Vishnu decided to stay on earth until Lakshmi calmed down. He chose the seven hills of Seshachalam as they reminded him of the hoods of Adi-Sesha, the celestial serpent on whose coils he loved to rest. He took permission to stay here from Varaha (the boar), one of his own avatars, who is also husband of Bhu-devi, the earth-goddess.
The story goes that while Vishnu took residence on the seven hills, he had nothing to eat. So Brahma and Shiva decided to take the form of a calf and a cow in order to provide him with milk. A cowherd noticed the cow discharging milk on a termite hill. Angry that the milk was being wasted, he struck the cow with a stick. The cow was wounded, and drops of her blood fell on Vishnu, who was meditating under the termite hill. Vishnu chastised the cowherd and his master, the local king, who apologised.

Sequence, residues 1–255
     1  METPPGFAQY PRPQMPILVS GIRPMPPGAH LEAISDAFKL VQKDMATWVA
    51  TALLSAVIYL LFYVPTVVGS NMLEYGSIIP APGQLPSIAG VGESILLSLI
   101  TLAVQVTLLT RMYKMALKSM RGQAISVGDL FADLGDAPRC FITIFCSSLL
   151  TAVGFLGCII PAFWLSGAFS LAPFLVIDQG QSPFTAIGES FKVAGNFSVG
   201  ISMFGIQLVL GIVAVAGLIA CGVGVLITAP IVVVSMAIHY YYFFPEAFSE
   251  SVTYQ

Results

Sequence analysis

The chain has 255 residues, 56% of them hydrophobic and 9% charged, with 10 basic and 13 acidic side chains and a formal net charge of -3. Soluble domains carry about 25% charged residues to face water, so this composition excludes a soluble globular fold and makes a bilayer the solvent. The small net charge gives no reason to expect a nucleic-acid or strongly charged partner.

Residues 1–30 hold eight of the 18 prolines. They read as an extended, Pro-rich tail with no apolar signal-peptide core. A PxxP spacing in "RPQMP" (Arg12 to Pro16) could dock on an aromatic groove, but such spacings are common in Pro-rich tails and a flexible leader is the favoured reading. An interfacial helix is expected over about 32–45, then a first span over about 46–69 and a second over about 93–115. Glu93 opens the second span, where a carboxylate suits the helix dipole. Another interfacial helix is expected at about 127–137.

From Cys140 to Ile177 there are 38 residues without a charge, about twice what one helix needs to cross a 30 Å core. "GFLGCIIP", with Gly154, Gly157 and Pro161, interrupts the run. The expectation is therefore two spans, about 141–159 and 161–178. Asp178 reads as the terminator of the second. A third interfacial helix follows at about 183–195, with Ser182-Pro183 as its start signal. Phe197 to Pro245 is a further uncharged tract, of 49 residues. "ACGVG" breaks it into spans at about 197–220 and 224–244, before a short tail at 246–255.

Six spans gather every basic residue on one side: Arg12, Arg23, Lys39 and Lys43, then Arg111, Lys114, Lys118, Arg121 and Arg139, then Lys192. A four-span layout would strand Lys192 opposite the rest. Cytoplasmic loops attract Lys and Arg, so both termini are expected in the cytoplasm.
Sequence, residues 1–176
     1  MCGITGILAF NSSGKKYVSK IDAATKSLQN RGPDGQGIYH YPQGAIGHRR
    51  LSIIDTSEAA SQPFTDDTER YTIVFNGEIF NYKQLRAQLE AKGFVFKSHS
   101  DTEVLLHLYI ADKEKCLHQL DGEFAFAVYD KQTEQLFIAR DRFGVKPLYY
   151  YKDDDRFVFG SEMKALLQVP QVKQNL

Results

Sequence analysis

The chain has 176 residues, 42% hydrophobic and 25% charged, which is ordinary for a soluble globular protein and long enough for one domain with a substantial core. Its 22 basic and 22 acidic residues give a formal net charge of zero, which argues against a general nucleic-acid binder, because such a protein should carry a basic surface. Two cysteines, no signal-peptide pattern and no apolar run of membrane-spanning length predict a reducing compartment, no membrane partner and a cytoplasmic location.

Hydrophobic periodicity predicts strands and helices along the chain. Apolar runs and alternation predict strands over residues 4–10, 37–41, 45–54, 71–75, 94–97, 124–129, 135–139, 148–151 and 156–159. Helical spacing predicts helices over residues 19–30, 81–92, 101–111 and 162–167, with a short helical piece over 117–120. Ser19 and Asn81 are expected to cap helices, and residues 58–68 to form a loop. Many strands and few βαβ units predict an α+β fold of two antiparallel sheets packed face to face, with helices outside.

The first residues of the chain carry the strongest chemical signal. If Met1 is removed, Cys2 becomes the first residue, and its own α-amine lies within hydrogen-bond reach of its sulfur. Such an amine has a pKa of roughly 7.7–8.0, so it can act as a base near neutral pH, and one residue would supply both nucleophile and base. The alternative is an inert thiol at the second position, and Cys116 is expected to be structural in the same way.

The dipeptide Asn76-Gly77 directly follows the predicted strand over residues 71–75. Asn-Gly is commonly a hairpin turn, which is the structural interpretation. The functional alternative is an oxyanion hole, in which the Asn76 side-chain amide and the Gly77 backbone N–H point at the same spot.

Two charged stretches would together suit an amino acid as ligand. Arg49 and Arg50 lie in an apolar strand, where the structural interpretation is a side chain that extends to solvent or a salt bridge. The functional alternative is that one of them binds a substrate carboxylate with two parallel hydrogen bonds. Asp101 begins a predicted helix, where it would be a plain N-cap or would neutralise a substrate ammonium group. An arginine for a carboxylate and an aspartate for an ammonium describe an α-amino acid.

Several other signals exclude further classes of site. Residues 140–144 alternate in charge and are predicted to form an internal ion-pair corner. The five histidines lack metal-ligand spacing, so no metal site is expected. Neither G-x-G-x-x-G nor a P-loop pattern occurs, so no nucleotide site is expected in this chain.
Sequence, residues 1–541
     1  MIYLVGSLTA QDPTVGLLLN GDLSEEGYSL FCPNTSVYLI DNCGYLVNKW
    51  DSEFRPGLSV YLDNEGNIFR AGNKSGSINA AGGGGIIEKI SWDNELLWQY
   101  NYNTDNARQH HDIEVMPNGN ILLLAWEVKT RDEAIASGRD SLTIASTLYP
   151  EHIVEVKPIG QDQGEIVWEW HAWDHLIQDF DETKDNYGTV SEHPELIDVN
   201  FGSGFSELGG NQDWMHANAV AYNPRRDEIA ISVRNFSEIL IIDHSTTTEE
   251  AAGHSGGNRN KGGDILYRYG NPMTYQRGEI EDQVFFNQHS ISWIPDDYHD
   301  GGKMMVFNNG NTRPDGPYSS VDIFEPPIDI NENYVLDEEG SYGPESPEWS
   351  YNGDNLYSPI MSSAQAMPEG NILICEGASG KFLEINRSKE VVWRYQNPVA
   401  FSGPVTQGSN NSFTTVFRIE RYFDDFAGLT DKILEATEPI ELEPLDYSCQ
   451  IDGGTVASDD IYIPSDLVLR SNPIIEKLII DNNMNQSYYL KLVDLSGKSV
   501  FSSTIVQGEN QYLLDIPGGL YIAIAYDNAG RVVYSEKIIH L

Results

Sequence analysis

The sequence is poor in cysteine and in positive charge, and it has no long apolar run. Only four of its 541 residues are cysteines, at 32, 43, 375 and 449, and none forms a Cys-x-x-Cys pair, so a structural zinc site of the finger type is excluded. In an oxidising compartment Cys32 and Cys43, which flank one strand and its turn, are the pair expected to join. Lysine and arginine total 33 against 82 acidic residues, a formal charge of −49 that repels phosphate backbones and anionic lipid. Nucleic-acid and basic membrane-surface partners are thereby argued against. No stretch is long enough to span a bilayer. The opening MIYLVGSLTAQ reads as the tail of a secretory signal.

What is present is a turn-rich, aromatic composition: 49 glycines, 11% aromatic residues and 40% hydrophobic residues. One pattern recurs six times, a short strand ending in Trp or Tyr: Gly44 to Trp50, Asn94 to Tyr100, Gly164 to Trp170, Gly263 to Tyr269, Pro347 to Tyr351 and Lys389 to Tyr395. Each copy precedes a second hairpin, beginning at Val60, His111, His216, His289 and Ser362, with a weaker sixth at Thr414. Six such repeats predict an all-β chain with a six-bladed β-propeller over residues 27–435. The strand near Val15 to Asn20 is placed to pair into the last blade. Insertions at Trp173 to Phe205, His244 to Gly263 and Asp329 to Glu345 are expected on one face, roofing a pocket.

In some versions of the tale, the king accused Vishnu of being a trespasser and a thief, and the only way Vishnu could stay there was by marrying the king’s daughter, whose name was Padmavati. In other versions, Padmavati was the adopted daughter of another king, born of a lotus flower. She looked just like Lakshmi and so naturally Vishnu fell in love with her and sought her hand in marriage. But the father demanded a hefty bridal price and a huge wedding. Without Lakshmi, Vishnu had no money. He had to turn to Kubera, Lakshmi’s brother, and treasurer of the gods, for the money. Kubera offered to pay for the marriage provided Vishnu promised to stay on earth until the debt was fully repaid, with interest. Vishnu had no choice but to agree. The marriage took place, but as it happens in most Vishnu temples, husband and wife have separate residences, with Vishnu living on top of the hill and the princess-bride, locally known as Alamelu Manga, having her own temple at the bottom of the hill at Tiruchanur.